29. 29. What is an “optimality criterion”?<br />An optimality criterion is simply a way to quantify, using a number, how well a tree fits the data relative to other trees.<br />Examples are parsimony tree length (this is how the Supertree was optimized on the CIPRES cluster) and likelihood score.<br />The posterior probability can also be seen as an optimality criterion.<br />
  30. 30. Parsimony tree length<br />Tree length is the minimum number of reconstructed changes.<br />The most parsimonious tree is the tree with the fewest number of changes.<br />
  31. 31. Finding the optimal tree<br />Under an optimality criterion, trees need to be compared with one another to find the one that maximizes the optimality criterion.<br />When we talk about MP and ML trees, this is usually done with hill-climbing algorithms.<br />
  32. 32. …but this is not the whole story!<br />Maximum Parsimony assumes a very simple model for evolutionary change – namely that change is rare.<br />Especially molecular evolution can be modeled in more realistic ways, using substitution models.<br />There are more complex ways to explore tree space than just hill-climbing (such as the Parsimony Ratchet).<br />We can also sample different areas of tree space to see how optimality is distributed, using MCMC.<br />
  33. 33. Substitution models<br />
  34. 34. Base frequencies and substitution rates<br />
  35. 35. Additional parameters<br />Gamma distribution<br />Invariant sites<br />Perhaps some sites never change.<br />Maybe specify their proportion?<br />
  36. 36. Likelihood and the number of parameters<br />More parameters always leads to a better fit of the data<br />
  37. 37. Likelihood and the number of parameters<br />More parameters always leads to a higher value of the likelihood whether or not the additional parameters are providing a ‘significantly’ better fit to the data<br />
  38. 38. Are the extra parameters justified?<br />Maximum Likelihood | H1<br />(<br />)<br />Likelihood ratio statistic: 2 log<br />Maximum Likelihood | H0<br />Has chi-squared distribution<br />dof = number of additional parameters<br />(We did this with ModelTest)<br />
  39. 39. How did we use the substitution models?<br />Each substitution has an associated likelihood given a branch of a certain length and the estimated model parameters.<br />A function is derived to represent the likelihood of the data given the tree, branch-lengths and additional parameters.<br />Optimise the branch lengths to get the maximum likelihood estimate.<br />
  40. 40. Estimating node ages<br />
  41. 41. Rate smoothing<br />r8s methods attempt to simultaneously estimate unknown divergence times and smooth the rapidity of rate change along lineages.<br />This is done by invoking some function that penalizes rates that change too quickly from branch to neighboring branch.<br />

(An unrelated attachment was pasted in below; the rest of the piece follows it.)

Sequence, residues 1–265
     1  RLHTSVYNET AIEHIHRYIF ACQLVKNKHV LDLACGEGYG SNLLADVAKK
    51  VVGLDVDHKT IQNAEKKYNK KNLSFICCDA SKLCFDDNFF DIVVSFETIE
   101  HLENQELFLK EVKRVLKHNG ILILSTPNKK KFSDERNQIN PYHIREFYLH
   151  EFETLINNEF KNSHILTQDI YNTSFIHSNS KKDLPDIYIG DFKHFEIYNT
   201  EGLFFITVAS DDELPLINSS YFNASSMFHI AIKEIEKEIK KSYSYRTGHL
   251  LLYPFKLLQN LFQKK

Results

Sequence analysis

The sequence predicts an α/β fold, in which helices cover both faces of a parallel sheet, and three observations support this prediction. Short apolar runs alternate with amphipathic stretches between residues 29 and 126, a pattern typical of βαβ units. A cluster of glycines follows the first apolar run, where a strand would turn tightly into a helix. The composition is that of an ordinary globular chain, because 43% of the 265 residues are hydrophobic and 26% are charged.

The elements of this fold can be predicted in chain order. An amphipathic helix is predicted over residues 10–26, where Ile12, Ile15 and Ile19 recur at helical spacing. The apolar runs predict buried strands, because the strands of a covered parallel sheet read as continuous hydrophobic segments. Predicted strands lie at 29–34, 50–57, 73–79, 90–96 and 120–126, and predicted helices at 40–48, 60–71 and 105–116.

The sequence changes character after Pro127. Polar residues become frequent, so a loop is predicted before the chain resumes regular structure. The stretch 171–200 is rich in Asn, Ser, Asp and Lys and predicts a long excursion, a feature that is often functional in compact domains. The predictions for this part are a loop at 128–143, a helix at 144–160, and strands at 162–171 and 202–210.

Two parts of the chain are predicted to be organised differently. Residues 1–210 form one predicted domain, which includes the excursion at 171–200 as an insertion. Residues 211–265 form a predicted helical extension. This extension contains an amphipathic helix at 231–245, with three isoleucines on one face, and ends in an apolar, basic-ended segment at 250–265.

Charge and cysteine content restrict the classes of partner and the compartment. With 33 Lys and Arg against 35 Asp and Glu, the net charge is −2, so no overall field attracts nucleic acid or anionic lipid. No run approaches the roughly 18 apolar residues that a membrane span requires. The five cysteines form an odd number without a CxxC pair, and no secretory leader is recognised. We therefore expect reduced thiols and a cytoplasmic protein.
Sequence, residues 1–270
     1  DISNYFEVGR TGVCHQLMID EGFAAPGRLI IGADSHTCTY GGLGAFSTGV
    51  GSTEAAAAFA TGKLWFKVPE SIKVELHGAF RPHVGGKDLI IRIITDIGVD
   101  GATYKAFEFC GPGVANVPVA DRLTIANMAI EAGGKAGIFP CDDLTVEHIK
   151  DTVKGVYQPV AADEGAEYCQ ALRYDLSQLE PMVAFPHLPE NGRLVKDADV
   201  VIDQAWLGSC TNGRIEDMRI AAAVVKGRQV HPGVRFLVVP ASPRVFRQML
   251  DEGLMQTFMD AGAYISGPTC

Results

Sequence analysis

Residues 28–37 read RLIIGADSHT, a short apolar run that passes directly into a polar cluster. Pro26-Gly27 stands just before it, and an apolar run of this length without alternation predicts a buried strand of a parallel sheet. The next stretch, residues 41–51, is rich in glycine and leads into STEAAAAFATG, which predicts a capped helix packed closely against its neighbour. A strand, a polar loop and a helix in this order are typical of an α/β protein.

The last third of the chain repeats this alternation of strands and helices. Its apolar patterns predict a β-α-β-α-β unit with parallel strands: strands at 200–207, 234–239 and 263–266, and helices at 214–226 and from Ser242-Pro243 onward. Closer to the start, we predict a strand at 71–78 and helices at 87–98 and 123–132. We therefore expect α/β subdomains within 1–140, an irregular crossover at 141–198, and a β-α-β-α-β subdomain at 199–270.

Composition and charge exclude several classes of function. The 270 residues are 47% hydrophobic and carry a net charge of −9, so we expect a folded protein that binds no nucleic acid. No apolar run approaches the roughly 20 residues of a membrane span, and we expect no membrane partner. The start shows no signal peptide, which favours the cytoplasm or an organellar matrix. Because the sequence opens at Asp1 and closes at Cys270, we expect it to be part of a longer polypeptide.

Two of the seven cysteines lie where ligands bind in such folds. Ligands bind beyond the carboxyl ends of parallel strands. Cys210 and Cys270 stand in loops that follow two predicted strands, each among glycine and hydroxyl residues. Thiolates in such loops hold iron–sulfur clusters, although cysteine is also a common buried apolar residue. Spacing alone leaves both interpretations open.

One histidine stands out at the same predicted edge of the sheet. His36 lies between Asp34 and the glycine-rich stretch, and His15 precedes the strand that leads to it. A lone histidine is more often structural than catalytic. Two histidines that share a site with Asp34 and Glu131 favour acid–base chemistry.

42. 42. supertree<br />Given a cladogram, how do we infer the divergence<br />dates of the true tree?<br />A B C D E<br />NOT time<br />A C E<br />A B D E<br />The relative lengths of some branches can be obtained from genes that fit an MLK model.<br />
  43. 43. “true tree”<br />A C E<br />A B D E<br />A B E D C<br />time<br />Simmons<br />Hackman<br />Estimates from multiple molecular sequences can subsequently be combined by calibrating the gene trees on a common node, and applying the resulting node depths to the supertree.<br />
  44. 44. Where did we get the other dates?<br />If there is no extinction and constant speciation (!), the expected waiting time from one speciation event to the next is 1/n, where n=number of lineages.<br />This is a little more complicated if we take multiple labeled histories into account…<br />…but we can come up with expected ages this way.<br />
  45. 45. PhyloInformatics<br />
  46. 46. What is PhyloInformatics?<br />A made up word!<br />We’ve seen we have to deal with data of different types (trees, sequences, alignments, metadata).<br />This are part of complex work flows or pipelines.<br />We “do” phyloinformatics when we come up with repeatable ways to automate these pipelines.<br />
  47. 47. The power of UNIX<br />UNIX is very useful for phyloinformatics:<br />Everything is text-based<br />Everything can be scripted and called from other programs<br />Many programs for phylogenetics are available on UNIX platforms<br />Everything can be piped together to create larger workflows<br />
  48. 48. The power of Perl<br />Perl allows us to chain other UNIX tools together<br />Many perl libraries exist for dealing with biological data<br />Easy to learn, quick to develop<br />
  49. 49. Join us!<br />We do a lot more phyloinformatics:<br />Hackathons<br />Google Summer of Code<br />Ongoing projects<br />Stay in touch, we can help each other!<br />
  50. 50. 谢谢!<br />Thank you!<br />